Saturday 11 April 2020

Knowing more about a virus threat may not satisfy you

People who rate themselves as highly knowledgeable about a new infectious disease threat could also be more likely to believe they don't know enough, a new study suggests.
In the case of this study, the infectious disease threat was the Zika virus. But the authors of the new study, published recently in the journal Risk Analysis, say the results could apply to the recent novel coronavirus (COVID-19) outbreak.

"The Zika virus and the coronavirus have important things in common," said Shelly Hovick, co-author of the study and assistant professor of communication at The Ohio State University.
"In both cases, they are shrouded in uncertainty and have received a lot of media attention. Our research looks at how people seek and process information when there is so much uncertainty."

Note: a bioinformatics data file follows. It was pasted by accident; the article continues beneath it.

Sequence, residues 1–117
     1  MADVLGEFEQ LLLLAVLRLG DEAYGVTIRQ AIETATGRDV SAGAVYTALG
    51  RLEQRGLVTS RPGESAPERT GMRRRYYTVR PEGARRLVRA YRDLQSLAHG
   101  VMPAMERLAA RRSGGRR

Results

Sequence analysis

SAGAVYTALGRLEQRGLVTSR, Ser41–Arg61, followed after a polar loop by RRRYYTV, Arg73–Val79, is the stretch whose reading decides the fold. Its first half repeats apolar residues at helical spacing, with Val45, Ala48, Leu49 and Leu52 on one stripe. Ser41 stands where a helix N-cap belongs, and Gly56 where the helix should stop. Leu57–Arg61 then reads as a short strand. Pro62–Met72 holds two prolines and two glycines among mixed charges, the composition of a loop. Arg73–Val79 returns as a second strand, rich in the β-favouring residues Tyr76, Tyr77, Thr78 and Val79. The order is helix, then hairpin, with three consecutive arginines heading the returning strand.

One of the key findings of the new study: With limited information about Zika available, more knowledge was not that comforting.

"We found that the more people thought they knew, the more they realized they didn't know enough," said Austin Hubner, lead author of the study and a doctoral student in communication at Ohio State.

"With the Zika virus, even the experts themselves didn't know much at the time. That's the same thing we're seeing with the coronavirus, and that's scary for people who believe they are at risk."

For the study, the researchers conducted an online survey of 494 people of childbearing age living in Florida in December 2016.


Austin Y. Hubner, Shelly R. Hovick. Understanding Risk Information Seeking and Processing during an Infectious Disease Outbreak: The Case of Zika Virus. Risk Analysis, 2020; DOI: 10.1111/risa.13456

Posted by Dr. Tim Sandle, Pharmaceutical Microbiology Resources (

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